What I’m wondering is if the whole thing still works - the gathering, the seeking, the small, thoughtful committee group changing, even the pebble concept –if the link is via text, Twitter, Instagram or even the most carefully-posed selfie.
I’ve been in the communication trenches for a long time now, and I’ll agree that most forms of social media offer great ways and opportunities to start a conversation.
But it’s just a start. When it comes to positive, profound, evolutionary change in the world, I think complex, intimate and extended communication is required. And that means conversation. And conversation in real time, preferably face-to-face, live and in person, or via tablet, PC or phone apps that allow us to get a good look at the person we’re talking to, but at least involving voice communication.
I recently heard that social media tech courses are currently very big with seniors who hope to find ways to communicate with grandkids who refuse to have voice conversations or even activate their voice mail.
Which brings me to what I really want for Christmas: more voice time with my loved ones of all generations.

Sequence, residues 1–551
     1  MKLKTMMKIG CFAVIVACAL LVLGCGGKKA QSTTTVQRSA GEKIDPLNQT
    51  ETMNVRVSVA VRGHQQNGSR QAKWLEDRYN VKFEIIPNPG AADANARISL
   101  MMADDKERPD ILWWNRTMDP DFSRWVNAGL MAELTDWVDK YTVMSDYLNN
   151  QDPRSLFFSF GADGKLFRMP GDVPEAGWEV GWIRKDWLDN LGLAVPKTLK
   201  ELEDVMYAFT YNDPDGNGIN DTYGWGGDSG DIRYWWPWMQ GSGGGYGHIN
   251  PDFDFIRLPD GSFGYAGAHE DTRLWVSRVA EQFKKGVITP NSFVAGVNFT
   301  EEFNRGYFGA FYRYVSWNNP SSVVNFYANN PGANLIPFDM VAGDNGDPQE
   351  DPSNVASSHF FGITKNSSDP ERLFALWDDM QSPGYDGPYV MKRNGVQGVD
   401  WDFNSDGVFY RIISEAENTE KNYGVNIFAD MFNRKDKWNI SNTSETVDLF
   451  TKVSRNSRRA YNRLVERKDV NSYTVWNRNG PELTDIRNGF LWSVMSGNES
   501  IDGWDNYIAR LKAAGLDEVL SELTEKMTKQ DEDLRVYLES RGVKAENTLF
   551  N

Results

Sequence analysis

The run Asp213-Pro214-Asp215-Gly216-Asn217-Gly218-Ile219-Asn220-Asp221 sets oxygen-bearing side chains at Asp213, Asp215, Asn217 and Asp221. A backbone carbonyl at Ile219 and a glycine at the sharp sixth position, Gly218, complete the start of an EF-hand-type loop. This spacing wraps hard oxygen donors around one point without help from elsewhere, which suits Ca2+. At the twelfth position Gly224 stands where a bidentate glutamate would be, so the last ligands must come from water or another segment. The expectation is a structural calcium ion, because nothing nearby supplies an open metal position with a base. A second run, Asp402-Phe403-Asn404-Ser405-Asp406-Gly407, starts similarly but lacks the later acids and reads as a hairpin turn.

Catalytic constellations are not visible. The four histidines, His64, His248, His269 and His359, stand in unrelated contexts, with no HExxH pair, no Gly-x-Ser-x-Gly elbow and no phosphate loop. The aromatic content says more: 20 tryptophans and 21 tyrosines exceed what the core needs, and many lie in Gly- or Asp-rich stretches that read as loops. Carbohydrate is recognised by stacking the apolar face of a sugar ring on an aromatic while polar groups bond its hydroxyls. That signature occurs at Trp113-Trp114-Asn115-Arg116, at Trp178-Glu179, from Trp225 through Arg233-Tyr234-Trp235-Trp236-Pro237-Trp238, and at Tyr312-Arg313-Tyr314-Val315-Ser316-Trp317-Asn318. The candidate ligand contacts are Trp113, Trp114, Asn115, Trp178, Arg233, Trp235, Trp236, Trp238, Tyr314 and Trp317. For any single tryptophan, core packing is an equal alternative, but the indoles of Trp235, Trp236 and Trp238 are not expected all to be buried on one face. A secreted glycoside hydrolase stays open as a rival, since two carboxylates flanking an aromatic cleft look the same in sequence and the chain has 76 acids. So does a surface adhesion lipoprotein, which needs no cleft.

And yes, I really do remember awkward, long-distance phone conversations as a little kid and a recalcitrant teen, with elderly relatives I barely knew. It was sometimes challenging even with my fun grandparents, whom I adored, to share thoughts and feelings about the most important things in our lives in a brief phone conversation.
But I also know that’s how I learned to make friends and form real, lasting relationships, and later to become a journalist, where the basic job requirement is to be able to talk to just about anybody about just about anything.
And I know that no emoticon, including the ambivalent sad-happy one named Oxford Dictionary’s word of the year, can’t come close to the nuances found in the human voice.
For the young, the insecure, and also for those hoping to hide the truth and their real selves for nefarious purposes, social media can be a refuge, safe haven and camouflage, a stage for experimenting with new personalities and a form of creative expression. But it can also be a way of hiding from reality, and a powerful way to bully, lie, seduce and endanger under the guise of anonymity.
To grow, to evolve, to change, we need to communicate with one another, as fully and truthfully as humanly possible.
And that’s why I want real, compassionate, conversation for Christmas this year, for all of us. I think we may be surprised and pleased with what we learn about one another, and ourselves.
(And I suspect those who need this message the most are least likely to receive it, so I’ll text you a link and hope for the best.)

S. Derrickson Moore may be reached at, @derricksonmoore on Twitter and Tout, or call 575-541-5450.

Dec. 13: Luminarias in the Caribbean